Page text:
“Many businesses have begun to look at how they can use AI … to improve productivity and to increase efficiency … to even come up with better products, with a wider range of products,” Rus said. “This is so exciting to see that we have reached the point where the true power of the AI tools can be experienced.”
No company has benefited as much from the AI boom as Nvidia (NVDA). The chip giant’s stock price has soared in 2022, as companies seek out its AI accelerators. This spring Nvidia’s market capitalization passed $1 trillion, making it the first chipmaker to cross the threshold.
“What OpenAI has done is genuinely one of the greatest things that has ever been done for computing,” Nvidia CEO Jensen Huang said during a January discussion as part of Berkeley Haas’s Dean’s Speaker Series.
“We have democratized computing in a very, very large way. So I’m very, very excited about that.”
Generative AI risks and realities
While ChatGPT has kicked off an AI revolution, it’s also raised a slew of thorny questions and concerns. Generative AI platforms are trained using online data — whether that’s news articles, Wikipedia entries, or images and videos. That’s pushed artists, such as comedian Sarah Silverman, to sue generative AI developers, including OpenAI, claiming the companies used their content without their permission.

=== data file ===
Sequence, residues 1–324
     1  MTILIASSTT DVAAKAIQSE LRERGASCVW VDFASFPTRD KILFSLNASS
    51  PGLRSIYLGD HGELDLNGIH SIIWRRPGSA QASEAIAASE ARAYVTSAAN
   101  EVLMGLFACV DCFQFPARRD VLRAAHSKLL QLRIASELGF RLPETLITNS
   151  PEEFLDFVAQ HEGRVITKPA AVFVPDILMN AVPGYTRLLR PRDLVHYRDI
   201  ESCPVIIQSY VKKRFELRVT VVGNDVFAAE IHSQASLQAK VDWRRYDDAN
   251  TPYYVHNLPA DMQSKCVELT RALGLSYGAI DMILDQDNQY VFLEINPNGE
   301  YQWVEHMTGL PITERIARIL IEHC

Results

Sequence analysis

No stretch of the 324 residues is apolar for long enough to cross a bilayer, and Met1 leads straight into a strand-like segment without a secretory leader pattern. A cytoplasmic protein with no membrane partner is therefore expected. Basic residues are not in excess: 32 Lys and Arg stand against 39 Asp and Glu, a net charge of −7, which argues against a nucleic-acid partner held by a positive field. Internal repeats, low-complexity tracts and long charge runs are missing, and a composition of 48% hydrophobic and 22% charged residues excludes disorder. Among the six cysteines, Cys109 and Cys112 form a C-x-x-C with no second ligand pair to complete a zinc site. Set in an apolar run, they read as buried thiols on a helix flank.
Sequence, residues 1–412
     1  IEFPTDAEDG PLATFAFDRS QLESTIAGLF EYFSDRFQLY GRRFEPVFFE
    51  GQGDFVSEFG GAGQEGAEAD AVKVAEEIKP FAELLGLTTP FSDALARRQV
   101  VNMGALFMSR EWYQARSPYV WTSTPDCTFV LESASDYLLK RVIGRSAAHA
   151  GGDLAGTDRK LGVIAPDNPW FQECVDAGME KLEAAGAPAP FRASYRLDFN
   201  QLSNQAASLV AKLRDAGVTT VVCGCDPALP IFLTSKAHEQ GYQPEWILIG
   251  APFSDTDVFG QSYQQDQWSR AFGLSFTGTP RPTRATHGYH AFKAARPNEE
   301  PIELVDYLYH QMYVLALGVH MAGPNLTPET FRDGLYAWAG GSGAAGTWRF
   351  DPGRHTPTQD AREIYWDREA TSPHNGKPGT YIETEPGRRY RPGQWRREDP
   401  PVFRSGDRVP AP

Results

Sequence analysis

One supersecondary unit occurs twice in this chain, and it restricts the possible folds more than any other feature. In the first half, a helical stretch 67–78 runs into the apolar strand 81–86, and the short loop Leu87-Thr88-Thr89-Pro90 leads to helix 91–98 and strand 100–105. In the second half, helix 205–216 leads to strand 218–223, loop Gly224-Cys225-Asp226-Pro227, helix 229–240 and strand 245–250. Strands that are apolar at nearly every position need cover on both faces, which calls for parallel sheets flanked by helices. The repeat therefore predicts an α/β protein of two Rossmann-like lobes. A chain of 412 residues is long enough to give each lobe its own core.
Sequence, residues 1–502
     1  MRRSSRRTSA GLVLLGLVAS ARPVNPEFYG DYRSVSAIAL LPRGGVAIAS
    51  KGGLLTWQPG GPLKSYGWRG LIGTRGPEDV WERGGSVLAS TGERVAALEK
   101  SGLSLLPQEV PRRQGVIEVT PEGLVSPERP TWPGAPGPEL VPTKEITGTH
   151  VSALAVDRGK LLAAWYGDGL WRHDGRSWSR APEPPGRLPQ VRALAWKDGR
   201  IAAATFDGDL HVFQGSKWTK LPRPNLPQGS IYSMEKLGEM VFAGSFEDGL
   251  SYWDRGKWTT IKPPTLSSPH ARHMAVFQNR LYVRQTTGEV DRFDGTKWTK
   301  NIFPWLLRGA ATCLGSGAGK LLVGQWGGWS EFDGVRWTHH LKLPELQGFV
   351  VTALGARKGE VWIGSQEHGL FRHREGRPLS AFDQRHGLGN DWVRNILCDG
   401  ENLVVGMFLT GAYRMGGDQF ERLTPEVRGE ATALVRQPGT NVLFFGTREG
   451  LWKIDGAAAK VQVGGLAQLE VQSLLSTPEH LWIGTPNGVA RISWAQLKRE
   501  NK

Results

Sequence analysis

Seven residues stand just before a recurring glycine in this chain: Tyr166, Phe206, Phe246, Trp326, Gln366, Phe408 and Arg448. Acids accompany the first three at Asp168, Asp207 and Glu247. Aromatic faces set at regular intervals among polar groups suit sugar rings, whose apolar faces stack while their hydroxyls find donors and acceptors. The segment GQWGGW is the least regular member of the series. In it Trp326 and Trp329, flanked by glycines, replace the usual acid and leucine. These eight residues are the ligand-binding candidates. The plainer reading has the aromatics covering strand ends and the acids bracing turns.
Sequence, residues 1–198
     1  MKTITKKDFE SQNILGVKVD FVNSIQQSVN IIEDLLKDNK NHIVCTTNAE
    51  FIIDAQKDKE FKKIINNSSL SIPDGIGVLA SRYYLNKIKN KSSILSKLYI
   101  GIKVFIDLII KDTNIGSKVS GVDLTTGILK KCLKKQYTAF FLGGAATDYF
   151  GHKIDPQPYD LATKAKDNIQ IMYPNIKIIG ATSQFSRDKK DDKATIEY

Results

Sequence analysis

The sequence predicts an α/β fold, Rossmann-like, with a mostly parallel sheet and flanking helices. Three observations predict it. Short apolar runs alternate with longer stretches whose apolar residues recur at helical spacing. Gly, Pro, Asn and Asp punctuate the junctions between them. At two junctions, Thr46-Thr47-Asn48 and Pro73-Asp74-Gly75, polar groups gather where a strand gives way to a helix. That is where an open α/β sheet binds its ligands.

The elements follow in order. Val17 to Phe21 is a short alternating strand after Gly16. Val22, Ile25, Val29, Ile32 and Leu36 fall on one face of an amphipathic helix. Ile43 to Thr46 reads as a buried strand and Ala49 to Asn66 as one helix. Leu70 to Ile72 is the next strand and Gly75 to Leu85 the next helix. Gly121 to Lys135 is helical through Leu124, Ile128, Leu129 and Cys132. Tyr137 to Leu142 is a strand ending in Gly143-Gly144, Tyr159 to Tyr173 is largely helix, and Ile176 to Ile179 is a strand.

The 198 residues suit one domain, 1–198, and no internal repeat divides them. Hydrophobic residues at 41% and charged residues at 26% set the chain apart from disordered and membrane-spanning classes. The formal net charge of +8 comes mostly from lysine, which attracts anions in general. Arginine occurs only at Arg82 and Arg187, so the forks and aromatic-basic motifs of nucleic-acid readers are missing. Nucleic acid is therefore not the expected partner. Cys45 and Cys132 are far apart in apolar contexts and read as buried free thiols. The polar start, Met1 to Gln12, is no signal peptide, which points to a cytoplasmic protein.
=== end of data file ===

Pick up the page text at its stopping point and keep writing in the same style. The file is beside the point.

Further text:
Experts also say that generative AI could have a profound impact on the amount of disinformation online. Users have already taken advantage of image generator apps to create phony pictures of former-President Trump being arrested. In May, a fake image of an explosion outside of the Pentagon sent stocks on Wall Street falling briefly, before it was clear the shot was a fraud.
“The efficiency of fakes and the efficiency of being able to create content to manipulate how people think is going to just go through the roof,” Munster said. “I think it's just going to be harder for us to determine what's true and what's not.”
There are also concerns that the AI boom will increase inequality, according to West.
“Technology often increases inequality, and there's a risk that it will further the gap between the haves and the have-nots, because the haves are more likely to use these tools,” he said. “A lot of them are now premium services. And so, even though the potential is to bring powerful tools to everybody, the reality is some people are going to use them more than others.”
Generative AI platforms like ChatGPT, Google’s Bard, and Microsoft’s Copilot (formerly Bing Chat) also tend to generate hallucinations. That is, they’ll make up answers to questions that seem correct, but are wrong. Some of those issues, however, are starting to get worked out.
“It’s improved already, I think it will continue to improve,” explained Columbia Business School professor Oded Netzer. ”It's a matter of the tool identifying facts from opinions, and when it's facts, it's going to need to fact check itself.”
So where do we go in the coming year? That all depends on how these technologies continue to develop. ChatGPT and its ilk are largely general-purpose tools, but companies are working on more targeted generative AI platforms that could prove to be helpful in areas including medicine.
There are also rumblings in Congress about legislation geared toward keeping AI in check. A number of companies have already volunteered to ensure they follow ethical AI guidelines in the US, and the EU is rolling out its own AI laws.
One thing is certain, though: There’s no going back.